October 11, 2011
Ap Lang and Comp 5
“What is the relationship between the citizen and the state?”
We are not citizens but subjects, being subjected to the ruling of one power. We claim that we despise the government and that the government is out to get us, but if you think of what our society would be without a government we would be in total chaos. Sometimes we try to free ourselves from the state, and run, just as Tim O’Brien did in “On the Rainy River.” O’Brien didn’t want to be drafted out to a war in which he didn’t believe in, so instead he dropped his life and ran away; just ran away from facing the government. "My conscience told me to run, but some irrational and powerful force was resisting, like a weight pushing me toward the war. What it came down to, stupidly, was a sense of shame." (O’Brien pg.964) The realization of having to face return and accept the consequences of the government forced O’Brien to acknowledge his fears and return home. He couldn’t escape the government forever. "I survived, but it's not a happy ending. I was a coward. I went to the war." (O’Brien pg.973)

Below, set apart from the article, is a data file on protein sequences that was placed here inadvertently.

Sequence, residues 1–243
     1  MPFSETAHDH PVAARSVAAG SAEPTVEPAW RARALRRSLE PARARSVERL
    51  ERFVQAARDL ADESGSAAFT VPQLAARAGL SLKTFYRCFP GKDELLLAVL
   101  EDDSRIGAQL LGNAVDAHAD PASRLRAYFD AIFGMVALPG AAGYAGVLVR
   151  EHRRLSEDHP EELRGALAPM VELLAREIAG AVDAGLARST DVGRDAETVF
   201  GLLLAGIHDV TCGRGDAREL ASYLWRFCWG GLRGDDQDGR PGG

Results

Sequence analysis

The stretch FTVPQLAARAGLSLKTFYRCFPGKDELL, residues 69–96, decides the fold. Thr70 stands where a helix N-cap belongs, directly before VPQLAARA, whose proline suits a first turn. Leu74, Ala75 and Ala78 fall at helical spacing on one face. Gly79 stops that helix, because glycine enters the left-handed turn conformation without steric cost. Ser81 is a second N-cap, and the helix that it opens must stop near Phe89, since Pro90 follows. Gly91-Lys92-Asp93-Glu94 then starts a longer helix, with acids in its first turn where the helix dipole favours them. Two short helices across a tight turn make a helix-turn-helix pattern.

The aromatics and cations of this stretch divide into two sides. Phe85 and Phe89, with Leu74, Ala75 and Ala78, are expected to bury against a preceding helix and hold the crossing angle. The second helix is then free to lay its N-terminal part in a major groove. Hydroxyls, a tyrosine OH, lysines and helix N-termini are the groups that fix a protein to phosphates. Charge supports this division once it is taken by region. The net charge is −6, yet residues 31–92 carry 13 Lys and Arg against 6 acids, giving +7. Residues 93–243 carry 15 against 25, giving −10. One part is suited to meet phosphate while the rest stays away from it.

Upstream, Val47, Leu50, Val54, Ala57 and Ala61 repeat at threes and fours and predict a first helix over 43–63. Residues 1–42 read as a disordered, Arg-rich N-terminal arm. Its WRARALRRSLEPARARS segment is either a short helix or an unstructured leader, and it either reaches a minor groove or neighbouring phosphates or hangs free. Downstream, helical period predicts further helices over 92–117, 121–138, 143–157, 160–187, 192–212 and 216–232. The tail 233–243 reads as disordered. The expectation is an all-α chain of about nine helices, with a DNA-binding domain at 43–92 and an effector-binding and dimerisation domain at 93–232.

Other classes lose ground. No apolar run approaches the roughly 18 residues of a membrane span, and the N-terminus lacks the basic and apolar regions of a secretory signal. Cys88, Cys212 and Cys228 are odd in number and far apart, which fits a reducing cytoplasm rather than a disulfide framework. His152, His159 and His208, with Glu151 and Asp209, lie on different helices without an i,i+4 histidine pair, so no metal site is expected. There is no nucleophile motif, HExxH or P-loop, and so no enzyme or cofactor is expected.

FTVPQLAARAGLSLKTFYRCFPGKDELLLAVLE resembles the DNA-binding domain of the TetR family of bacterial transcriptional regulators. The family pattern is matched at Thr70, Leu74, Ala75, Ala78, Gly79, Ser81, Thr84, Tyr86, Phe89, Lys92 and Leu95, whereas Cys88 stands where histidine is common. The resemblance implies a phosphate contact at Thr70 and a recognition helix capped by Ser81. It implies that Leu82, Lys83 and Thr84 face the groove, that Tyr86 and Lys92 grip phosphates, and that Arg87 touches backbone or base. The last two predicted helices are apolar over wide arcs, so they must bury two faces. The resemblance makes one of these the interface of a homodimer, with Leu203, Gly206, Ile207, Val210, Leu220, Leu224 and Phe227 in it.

The relationship between the citizen and the state is that both are interdependent to each other. Without the citizen, the state wouldn’t be capable of laws; laws in which the citizen will denounce and/or praise. Citizens are only citizens until they acquire political power. There wouldn’t be a government without the citizens to make up our government. Everyone in the state was a citizen before they were a politician. Our relationship with the ruling class is as usual, we ignore their rules with all regards. “I cannot for an instant recognize that political organization as my government which is the slave’s government also” (Thoreau pg. 942) The practice of slavery in the united states is the single most hypocritical aspect of the government as far as Thoreau is concerned. If you believe your government is being hypocritical, then why...